corporate bonds

A Brief Overview of Corporate Bonds

Bonds Finance

Several types of bonds are issued by governments and large organizations for different reasons. One such type of bond is the corporate bond. 

Companies or firms issue this kind of bond to cover their expenses. Corporate bonds are known to yield more profits than government-issued bonds. However, one should remember that with greater profits comes greater risk too.

Companies tend to operate in different markets; therefore, corporate bonds are classified into groups according to the companies’ market area. 

Types of Corporate Bonds

Corporate bonds can be classified into five major categories. These are industrials, transportations, international issues, banking and finance firms, and public utilities. These categories are further divided into sub-categories. For instance, the category of transportation further includes roadways, airlines, and other automobile firms.

1. Security of bonds

As the name suggests, this category acts as a backup option in case an issue arises in the company. Many investors opt for this option since it acts as a protective wall whenever there’s a risk of losing money due to a corporate problem. The best part about this option is that in case of financial concern, it provides assets that are more than the actual amount spent by the investor. 

2. Mortgage bonds

There are various assets that back up a bond. With mortgage bonds, holders have the power to sell mortgaged properties and clear the pending transactions. 

3. Collateral trust bonds

These types of bonds are quite like mortgage bonds. The major exception in this case, however, is that Collateral trust bonds do not have the backing of a property or a house. Collateral trust bonds are possessed by firms that do not have the ownership of assets or property.

Instead of owning such fixed assets, these companies have investments in securities of other companies. When they issue bonds, it is these assets such as bonds, shares, and other investments in various companies that they pledge.

4. Equipment trust certificates

Equipment trust certificates, or ETCs, are sold to pay for some equipment. For instance, if a company requires some vehicles, it places an order with the manufacturer. The manufacturer fulfills the order and makes a trustee the owner of the vehicles.

This trustee pays the vehicle manufacturer by selling equipment trust certificates to investors. The interest on these certificates is paid by collecting rent from the company. When the note reaches maturity, the trustee hands over the title of the vehicle to the company.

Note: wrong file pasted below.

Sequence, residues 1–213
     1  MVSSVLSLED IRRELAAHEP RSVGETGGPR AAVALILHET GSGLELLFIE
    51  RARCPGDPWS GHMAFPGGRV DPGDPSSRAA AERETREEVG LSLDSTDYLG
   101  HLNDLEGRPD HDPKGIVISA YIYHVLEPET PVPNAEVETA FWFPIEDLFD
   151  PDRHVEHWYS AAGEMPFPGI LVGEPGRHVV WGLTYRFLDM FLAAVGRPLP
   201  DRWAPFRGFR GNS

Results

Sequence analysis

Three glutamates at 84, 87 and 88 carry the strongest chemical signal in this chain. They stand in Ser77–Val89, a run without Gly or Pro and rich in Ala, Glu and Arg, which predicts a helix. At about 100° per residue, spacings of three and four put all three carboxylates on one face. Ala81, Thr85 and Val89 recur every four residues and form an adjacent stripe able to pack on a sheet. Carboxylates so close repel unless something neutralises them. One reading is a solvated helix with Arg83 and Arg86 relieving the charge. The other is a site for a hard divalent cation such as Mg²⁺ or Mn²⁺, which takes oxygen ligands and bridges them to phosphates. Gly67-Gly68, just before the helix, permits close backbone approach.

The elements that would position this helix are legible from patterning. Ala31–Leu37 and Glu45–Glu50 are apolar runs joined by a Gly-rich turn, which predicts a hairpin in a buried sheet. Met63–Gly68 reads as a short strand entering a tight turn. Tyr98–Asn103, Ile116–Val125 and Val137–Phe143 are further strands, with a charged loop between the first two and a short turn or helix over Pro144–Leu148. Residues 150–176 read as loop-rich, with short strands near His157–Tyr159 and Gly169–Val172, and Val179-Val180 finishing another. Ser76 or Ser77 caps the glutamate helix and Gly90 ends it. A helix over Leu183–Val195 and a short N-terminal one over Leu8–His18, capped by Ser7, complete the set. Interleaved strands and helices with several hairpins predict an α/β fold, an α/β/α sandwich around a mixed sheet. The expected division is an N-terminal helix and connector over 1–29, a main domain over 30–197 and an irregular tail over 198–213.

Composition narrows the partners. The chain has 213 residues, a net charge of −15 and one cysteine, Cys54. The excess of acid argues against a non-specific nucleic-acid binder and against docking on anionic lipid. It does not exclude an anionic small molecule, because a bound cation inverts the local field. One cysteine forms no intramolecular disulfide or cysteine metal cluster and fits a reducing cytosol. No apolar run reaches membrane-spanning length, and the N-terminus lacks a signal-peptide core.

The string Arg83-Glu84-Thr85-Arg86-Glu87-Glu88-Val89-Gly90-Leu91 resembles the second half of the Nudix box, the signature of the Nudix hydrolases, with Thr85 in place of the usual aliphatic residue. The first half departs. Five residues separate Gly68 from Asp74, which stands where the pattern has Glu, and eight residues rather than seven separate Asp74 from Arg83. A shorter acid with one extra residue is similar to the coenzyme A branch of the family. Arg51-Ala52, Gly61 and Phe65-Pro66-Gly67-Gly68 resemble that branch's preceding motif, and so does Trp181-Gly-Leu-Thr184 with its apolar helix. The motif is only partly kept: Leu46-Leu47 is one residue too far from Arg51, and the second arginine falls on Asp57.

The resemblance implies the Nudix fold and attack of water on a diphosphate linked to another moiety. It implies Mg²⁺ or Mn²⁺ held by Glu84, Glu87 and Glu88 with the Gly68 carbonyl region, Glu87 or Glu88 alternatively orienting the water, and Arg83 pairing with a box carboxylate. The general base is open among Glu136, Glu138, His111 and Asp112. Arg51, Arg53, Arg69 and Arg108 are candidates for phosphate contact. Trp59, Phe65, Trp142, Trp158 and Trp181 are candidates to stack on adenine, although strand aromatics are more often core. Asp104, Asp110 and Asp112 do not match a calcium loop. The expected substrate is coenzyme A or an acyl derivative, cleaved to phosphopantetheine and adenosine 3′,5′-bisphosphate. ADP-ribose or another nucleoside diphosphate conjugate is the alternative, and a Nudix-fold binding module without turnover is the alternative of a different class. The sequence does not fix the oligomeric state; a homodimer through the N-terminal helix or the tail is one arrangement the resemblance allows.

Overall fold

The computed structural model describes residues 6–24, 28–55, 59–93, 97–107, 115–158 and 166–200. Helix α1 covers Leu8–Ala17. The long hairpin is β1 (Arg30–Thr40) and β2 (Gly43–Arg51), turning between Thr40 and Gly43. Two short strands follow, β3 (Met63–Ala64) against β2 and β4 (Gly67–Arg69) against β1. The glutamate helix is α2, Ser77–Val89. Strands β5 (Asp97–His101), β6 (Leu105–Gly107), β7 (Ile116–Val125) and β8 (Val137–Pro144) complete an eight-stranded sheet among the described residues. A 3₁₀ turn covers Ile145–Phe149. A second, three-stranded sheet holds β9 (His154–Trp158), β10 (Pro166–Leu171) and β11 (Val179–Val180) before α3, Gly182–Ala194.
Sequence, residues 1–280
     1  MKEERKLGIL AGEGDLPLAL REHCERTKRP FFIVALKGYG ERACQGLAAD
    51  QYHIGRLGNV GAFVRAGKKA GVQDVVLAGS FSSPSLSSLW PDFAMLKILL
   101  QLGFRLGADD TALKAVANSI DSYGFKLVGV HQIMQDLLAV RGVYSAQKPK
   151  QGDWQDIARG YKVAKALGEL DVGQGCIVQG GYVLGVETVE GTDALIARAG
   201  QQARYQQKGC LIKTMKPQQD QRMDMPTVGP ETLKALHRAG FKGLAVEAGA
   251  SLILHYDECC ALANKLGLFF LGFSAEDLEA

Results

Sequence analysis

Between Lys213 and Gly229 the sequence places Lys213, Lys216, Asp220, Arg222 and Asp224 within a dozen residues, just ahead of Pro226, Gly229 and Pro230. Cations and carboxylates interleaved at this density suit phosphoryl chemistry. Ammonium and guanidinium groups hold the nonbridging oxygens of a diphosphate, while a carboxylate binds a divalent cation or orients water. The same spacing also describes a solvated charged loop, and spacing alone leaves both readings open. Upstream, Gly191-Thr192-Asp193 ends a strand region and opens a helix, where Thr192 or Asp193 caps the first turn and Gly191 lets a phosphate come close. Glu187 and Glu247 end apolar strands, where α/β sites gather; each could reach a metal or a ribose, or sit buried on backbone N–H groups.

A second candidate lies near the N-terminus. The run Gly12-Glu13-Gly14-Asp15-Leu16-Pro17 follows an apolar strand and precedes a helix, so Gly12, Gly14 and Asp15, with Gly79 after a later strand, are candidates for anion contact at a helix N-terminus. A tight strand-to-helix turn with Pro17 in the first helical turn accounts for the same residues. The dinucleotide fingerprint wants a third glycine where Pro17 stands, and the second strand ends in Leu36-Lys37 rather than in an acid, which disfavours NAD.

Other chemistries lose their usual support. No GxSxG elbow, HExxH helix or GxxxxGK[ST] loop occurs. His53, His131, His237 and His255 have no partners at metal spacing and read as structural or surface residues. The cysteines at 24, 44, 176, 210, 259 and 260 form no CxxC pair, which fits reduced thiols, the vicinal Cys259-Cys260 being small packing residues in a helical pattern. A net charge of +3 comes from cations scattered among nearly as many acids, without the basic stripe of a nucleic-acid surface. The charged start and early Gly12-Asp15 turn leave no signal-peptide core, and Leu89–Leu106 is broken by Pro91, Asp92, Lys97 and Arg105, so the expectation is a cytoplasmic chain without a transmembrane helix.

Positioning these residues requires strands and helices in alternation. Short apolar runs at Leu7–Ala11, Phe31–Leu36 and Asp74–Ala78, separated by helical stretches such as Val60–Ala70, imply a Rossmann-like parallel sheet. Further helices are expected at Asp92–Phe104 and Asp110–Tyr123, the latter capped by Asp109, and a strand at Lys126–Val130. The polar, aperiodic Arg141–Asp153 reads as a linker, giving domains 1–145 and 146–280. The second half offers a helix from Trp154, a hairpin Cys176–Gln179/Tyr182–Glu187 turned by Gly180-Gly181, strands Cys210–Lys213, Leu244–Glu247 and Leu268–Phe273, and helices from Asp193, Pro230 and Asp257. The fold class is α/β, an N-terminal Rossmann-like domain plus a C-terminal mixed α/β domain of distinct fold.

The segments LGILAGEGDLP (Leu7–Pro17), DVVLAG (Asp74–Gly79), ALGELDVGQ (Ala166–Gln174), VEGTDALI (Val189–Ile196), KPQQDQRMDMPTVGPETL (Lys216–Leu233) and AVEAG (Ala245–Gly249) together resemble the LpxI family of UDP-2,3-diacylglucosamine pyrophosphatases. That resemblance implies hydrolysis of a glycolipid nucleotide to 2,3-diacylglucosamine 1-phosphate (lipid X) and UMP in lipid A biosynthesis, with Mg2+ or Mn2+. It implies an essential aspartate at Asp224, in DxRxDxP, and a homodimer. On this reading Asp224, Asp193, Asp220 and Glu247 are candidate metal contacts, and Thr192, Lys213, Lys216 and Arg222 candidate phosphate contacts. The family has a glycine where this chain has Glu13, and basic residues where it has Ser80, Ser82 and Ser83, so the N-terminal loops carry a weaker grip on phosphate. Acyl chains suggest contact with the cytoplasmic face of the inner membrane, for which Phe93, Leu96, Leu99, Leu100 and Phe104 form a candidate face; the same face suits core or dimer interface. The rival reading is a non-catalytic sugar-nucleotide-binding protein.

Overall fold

The renting of the vehicle is not really a leasing arrangement, as the company receives the title to the vehicle only when the ETC agreement ends. Therefore, equipment trust certificates are actually a form of secured debt financing.

5. Debenture bonds

Unsecured bonds that are not backed by other assets are called debenture bonds, such as Treasury Bills, which are a kind of government bonds.

Companies that enjoy consistently strong credit rating issue Debenture bonds. So the investors cannot expect very high-interest rates from them. Companies that have previously offered mortgage or collateral bonds can also issue debenture bonds. However, the quality of such debenture bonds is considered to inferior.

6. Convertible debentures

Debenture bonds can also be converted into a fixed number of shares of a company after a specific time period. For obvious reasons, investors find these convertible bonds quite attractive and because of this, the coupon rates they offer are low.

7. Guaranteed bonds

These are bonds that are, well, guaranteed. It is another corporation that provides this guarantee. For investors, this ensures a reduced risk of default, because a second corporation has pledged to take on the liability and honour the bond’s terms if and when it is required. But this does not mean that the default risk of the bond is totally eliminated. It is quite possible that the corporation giving the guarantee also fails to honour its contract.

8. High yield corporate bonds

Another name for these bonds is junk bonds. And rating agencies consider them below investment grade. As mentioned previously, with more profits comes greater risk and this bond is no exception. However, the greater risk associated with this bond does not mean that company that issued these bonds has a chance of going down in the future. 

The Difference between Corporate Bonds and Stocks

There is quite a difference between buying a bond and a share. With bond investments a person who invests in bonds is lending his/her capital to the firm. On the other hand, an individual investing in stock purchases a percentage of ownership of the firm. 

With the fluctuation in stock prices, the investor makes profits by purchasing and selling them. The company in which the individual buys shares in also offers to pay dividends. This makes for an additional income for the investor. Whereas in case of bond investments, the individual is gets interest by the organization instead of profits. 


Bonds, in general, are a stable investment option and corporate bonds as a type of bond are one of the best profit-making options.

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